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Nobesuthu Gertrude Mbadu (1945 - )

The Order of Ikhamanga in

Nobesuthu Gertrude Mbadu (1945 - ) Awarded for:
Outstanding contributions in traditional music.

Profile of Nobesuthu Gertrude Mbadu

Nobesuthu Gertrude Mbadu was born on 26 April 1945 in Durban's Umkumbane Township, now known as Chesterville, and was raised by her father, Ferguson Mbadu, and her grandmother, Selinah Mbadu.

A singer since her primary school days, she became a member of both her school choir and her church choir, and was a lead vocalist in a group called “Amangeyami’, which sang and performed Zulu dances at community functions.

At one such function she was spotted and recruited by Max Gcaba of Lamontville, leader of a touring group, and was in fact performing with Gcaba's group in the Transvaal (now Gauteng) when record producer Rupert Bopape invited her to join a new vocal group called the Mahotella Queens to perform with the famed Simon “Mahlathini’ Nkabinde.

Mbadu agreed, and thereby became part of an enduring South African musical phenomenon. The Mahotella Queens were far more than merely Nkabinde's choir. Their dance steps were highly inventive and one-of-a-kind, and their singing was unique, colourful and very South African, yet very universal. By the mid-1970s the “mbaqanga’ sound, pioneered by Mahlathini and the Mahotella Queens, dominated the South African popular music scene.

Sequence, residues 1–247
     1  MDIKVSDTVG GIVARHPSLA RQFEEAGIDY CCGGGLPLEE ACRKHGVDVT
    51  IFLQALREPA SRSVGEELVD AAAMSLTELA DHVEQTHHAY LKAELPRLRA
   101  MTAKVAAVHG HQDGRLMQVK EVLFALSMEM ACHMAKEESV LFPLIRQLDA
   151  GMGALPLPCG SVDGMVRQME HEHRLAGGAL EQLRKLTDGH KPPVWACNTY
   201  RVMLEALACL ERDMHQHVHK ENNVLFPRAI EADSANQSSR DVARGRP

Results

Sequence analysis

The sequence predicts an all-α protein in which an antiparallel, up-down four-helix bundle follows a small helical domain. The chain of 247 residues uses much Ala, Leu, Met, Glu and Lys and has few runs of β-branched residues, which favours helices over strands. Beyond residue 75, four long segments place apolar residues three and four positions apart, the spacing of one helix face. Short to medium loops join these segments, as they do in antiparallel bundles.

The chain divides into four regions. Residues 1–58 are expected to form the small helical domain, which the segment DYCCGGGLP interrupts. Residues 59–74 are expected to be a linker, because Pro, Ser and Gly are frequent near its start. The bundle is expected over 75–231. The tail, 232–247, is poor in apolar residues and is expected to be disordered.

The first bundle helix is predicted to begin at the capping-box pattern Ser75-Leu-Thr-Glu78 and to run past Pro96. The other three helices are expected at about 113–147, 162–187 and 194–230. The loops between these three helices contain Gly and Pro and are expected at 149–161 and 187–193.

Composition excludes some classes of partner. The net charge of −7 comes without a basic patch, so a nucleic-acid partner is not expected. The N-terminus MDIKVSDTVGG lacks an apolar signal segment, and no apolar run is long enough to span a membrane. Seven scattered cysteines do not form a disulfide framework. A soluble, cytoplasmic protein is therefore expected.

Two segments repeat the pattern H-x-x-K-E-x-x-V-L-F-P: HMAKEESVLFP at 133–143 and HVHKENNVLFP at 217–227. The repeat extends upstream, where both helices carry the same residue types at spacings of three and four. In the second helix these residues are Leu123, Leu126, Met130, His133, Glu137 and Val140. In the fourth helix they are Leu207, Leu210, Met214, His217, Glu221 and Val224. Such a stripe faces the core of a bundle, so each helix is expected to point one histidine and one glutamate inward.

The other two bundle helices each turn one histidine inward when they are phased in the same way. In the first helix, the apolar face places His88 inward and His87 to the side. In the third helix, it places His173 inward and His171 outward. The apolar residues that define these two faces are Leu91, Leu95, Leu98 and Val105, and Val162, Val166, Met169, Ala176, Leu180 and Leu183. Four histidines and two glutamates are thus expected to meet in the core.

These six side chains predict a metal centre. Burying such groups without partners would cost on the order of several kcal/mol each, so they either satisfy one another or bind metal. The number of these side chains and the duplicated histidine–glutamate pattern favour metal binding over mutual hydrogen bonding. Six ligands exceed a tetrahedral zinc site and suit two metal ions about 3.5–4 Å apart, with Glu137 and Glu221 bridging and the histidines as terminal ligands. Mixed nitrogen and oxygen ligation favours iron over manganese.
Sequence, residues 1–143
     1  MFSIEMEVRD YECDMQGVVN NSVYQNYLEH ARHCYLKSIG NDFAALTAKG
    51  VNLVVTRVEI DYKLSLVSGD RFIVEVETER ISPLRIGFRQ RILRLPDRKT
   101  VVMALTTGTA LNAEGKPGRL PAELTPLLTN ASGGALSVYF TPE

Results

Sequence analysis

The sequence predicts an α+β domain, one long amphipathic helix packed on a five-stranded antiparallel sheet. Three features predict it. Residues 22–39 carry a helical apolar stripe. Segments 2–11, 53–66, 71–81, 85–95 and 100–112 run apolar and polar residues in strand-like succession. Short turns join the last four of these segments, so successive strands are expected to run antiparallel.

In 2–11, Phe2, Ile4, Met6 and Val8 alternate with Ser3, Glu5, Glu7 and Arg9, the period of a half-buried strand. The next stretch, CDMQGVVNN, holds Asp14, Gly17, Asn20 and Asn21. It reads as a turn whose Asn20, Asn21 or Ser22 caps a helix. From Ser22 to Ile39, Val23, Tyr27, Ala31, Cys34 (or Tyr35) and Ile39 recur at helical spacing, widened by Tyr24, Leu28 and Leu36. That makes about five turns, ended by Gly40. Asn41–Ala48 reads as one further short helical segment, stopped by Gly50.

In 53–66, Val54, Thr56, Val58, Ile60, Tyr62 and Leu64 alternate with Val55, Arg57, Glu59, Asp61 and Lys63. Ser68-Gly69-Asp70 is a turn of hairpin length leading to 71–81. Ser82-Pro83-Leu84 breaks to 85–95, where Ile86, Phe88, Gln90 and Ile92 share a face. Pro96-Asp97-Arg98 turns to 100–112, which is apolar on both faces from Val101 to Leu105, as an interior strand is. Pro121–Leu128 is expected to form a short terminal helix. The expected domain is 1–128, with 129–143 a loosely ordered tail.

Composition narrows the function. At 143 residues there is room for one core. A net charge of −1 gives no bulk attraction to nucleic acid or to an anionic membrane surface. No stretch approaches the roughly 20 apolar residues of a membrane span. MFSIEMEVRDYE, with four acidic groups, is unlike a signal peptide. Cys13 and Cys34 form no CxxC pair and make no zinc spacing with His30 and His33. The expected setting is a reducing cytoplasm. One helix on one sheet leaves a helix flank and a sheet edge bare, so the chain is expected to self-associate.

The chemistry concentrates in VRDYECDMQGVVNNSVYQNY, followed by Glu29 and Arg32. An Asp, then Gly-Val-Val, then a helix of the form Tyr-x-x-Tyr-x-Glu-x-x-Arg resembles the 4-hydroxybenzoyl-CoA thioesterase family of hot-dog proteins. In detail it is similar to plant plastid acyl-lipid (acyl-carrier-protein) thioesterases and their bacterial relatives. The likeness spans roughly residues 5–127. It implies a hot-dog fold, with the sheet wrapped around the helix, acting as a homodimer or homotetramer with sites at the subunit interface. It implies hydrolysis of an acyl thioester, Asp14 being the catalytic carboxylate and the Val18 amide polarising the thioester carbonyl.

Then, at the height of their fame, the Mahotella Queens decided to disband because some of the singers wanted to marry and start a family. But in 1984 the group re-formed, its backbone being three of the original Queens – Mbadu, Nomsomi Mildred Mangxola and Hilda Tloubatla.

Pop music had changed drastically in their absence, with the emphasis changing to soul and disco music. Yet there was also a swing back to the older township styles, and the Mahotella Queens made the most of the opportunity with their ageless classical sound. Reunited with their old comrades, Mahlathini and composer-conductor-musician West Nkosi and his band, they set off on a long series of local and international tours and produced a series of best-selling records, staying close to their special brand of spell-binding music.

Three of the great names in the group - Simon Nkabinde, West Nkosi and guitarist Marks Mankwane – died on the eve of the new millennium. After a period of deep mourning, the Queens formed a new band and set off on the next stage of their march into posterity, more than 40 years after they had delighted their first audience in Johannesburg's townships.

Nobesuthu Gertrude Mbadu's outstanding talent, golden voice and determination have taken her to undreamed-of peaks of achievement. For every little girl who sings for sheer joy in her church choir but dreams of being a great star, her life-story's message is: You can do it, too.

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